Nick Cowan, who has a mixed grain and been operation near Hartney, Man., is putting no fertilizer at all on his intercrops. “This spring we did Roundup, sowed the peas and canola and didn’t put a drop of fertilizer on and it worked out really well,” he said. “We just sprayed a half rate of Pursuit and a grass killer.”
He’s trying to use cover crops to build up nitrogen so he can cut back on subsequent crops. “It depends on the crop. With wheat, corn or sunflowers, we’ll cut back on nitrogen after a cover crop and we don’t see any yield deficit,” he says.
But it’s not the same for canola. This year Cowan did trails with 80, 100, 120, and 140 pounds per acre of nitrogen on canola after a cover crop and saw a yield response with the nitrogen which he says was disappointing. “It was right after a multi-species cover crop with legumes so I thought that we wouldn’t see that much difference. The more nitrogen we put on, the more canola we grew,” he said. “I think different crops need fertilizer differently, obviously. But the response on the intercrops is cutting fertility in others.”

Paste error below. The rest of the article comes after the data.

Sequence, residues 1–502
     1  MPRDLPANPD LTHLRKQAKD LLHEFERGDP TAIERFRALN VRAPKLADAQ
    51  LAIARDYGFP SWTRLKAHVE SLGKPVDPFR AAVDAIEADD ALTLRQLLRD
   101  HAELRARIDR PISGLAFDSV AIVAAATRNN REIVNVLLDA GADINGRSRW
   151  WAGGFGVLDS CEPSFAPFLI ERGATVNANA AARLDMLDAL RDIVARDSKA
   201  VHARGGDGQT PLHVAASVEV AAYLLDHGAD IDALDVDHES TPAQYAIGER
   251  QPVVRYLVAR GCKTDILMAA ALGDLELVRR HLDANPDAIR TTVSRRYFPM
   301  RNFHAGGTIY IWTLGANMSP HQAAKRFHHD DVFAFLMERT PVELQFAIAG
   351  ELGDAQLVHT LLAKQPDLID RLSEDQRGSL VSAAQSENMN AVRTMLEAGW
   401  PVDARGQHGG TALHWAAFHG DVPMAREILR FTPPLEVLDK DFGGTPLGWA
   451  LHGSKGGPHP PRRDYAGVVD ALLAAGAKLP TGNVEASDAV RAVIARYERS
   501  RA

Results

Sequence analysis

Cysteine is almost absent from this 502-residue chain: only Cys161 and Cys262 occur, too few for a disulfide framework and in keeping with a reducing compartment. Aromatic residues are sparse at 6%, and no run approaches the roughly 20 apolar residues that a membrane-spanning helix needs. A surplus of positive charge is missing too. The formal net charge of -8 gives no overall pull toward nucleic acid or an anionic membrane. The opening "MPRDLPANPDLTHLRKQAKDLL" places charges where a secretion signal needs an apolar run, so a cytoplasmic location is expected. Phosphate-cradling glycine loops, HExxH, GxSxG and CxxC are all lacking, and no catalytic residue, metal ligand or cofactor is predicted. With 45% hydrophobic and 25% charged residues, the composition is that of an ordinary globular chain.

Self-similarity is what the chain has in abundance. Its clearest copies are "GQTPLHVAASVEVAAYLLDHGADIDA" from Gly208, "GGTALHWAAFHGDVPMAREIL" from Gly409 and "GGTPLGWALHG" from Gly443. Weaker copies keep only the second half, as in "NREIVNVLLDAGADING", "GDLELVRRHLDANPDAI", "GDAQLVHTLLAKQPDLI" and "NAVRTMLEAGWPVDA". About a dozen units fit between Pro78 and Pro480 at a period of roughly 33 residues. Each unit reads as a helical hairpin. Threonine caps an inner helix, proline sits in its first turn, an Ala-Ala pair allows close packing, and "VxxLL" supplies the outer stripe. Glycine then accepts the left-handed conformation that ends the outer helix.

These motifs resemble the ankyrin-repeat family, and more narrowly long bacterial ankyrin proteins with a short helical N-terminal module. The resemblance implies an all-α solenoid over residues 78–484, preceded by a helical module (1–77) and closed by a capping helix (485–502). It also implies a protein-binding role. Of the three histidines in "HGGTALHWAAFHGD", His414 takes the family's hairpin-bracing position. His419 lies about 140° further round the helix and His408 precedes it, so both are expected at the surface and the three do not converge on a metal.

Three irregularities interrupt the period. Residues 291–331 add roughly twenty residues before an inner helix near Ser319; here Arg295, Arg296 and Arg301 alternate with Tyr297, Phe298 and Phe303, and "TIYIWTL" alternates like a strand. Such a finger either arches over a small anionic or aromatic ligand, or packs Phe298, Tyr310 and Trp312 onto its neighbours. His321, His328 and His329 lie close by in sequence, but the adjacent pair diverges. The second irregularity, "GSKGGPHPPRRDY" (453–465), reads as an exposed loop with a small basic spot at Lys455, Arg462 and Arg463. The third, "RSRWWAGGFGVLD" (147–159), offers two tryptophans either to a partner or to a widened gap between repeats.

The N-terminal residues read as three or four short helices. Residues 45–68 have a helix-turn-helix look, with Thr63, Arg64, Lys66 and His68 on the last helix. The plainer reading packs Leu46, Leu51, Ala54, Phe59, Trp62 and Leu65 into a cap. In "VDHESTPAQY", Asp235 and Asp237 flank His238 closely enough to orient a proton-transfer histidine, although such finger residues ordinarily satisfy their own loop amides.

Patty and Andrew Harris are transitioning their grain farm near Stonewall, Man., to organic production. They are new to intercropping this year, but they have been trying cover crops before and after cash crops to increase soil fertility.
The Harrises have a three-year rotation for their organic fields. The first year is a green manure, then two years of cash crops. “In our green manure, we were trying to do a large variety of crops,” says Andrew, “Our first goal is to have something growing as much as possible. We also are trying to graze our green manures and add to soil biology. We strategically spread our manure on fields that need it the most.”